–Nancy Scheemaker, Northshire Bookstore
All Systems Red by Martha Wells
This is a super-fun and hilarious little sci-fi novella! The self-designated Murderbot is a “Sec Unit,” or Security Unit, (a construct with some human parts mixed in) hired to protect a team of surveyors on another planet. It has found a way to hack its governor unit, which means it could kill all of the humans if it wanted to—but all it really wants is to be left alone to enjoy the hours of music and other media it has downloaded to its feed. I loved the human-bot dynamics as Murderbot becomes more self aware and sentient. There’s lots of fun tech jargon, along with sparse but intriguing explanations for why the team is where they are and the world they came from. The characters drive the story, and that’s what makes All Systems Red great. This is perfect for fans of Becky Chambers’s The Long Way to a Small Angry Planet. There are three more novellas in The Murderbot Diaries series, plus a full-length novel coming out this summer!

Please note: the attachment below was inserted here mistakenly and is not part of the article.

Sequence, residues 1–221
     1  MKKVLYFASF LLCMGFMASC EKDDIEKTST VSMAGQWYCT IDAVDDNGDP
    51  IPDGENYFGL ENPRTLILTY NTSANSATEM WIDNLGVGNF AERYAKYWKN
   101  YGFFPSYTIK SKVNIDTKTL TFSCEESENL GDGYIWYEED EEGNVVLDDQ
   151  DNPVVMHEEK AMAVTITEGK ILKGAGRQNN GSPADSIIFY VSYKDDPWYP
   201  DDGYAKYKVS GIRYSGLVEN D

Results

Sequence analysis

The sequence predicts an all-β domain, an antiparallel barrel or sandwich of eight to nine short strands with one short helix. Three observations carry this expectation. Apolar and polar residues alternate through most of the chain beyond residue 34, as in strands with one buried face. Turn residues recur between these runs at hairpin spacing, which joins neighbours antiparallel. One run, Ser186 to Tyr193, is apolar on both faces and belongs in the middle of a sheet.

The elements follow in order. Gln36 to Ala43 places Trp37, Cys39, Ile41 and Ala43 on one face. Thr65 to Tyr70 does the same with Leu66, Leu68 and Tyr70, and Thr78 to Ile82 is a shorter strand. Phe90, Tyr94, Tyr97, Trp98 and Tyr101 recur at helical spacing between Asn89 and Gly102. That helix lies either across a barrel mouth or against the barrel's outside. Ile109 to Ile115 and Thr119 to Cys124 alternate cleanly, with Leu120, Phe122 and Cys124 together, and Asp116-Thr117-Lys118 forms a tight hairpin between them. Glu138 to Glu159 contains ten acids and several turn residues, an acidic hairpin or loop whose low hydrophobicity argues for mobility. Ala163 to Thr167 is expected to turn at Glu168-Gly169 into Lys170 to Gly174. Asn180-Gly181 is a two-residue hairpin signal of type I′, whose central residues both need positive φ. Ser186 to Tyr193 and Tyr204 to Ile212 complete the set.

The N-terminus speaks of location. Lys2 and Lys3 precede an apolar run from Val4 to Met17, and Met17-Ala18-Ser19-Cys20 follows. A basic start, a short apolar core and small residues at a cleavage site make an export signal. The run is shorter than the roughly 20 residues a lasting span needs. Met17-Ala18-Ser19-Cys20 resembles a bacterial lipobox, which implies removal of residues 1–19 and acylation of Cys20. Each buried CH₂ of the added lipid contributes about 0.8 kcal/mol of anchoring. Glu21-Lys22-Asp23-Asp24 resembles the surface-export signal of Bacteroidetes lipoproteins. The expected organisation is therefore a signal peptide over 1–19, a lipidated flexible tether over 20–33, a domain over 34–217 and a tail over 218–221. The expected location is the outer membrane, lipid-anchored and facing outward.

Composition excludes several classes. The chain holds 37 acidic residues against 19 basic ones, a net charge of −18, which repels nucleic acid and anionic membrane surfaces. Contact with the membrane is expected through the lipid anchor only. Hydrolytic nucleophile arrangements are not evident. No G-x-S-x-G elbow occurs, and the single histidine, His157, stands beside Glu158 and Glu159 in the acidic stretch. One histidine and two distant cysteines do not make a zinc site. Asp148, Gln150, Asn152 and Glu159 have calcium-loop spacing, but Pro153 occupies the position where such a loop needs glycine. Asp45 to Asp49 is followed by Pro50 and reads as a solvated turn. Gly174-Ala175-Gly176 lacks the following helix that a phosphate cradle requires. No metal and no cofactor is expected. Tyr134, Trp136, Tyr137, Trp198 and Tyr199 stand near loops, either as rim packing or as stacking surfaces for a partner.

–Tara Flanagan, Word After Word Books
Drive Your Plow Over the Bones of the Dead by Olga Tokarczuk
A woman, living blissfully alone in a mountainous, remote part of Poland, purports that a string of sudden deaths in the area is the deliberate work of animals getting even with mankind for the abuses they have suffered. She bolsters her conclusion by pointing out to anyone who will listen that the planets were aligned to predict the demise of the victims. Local skepticism is palpable. The lady with the unique perspective on crime is one of the most endearing characters in contemporary literature. I loved every snow-swept moment.
–Alden Graves, Northshire Bookstore
A Cowboy to Remember by Rebekah Weatherspoon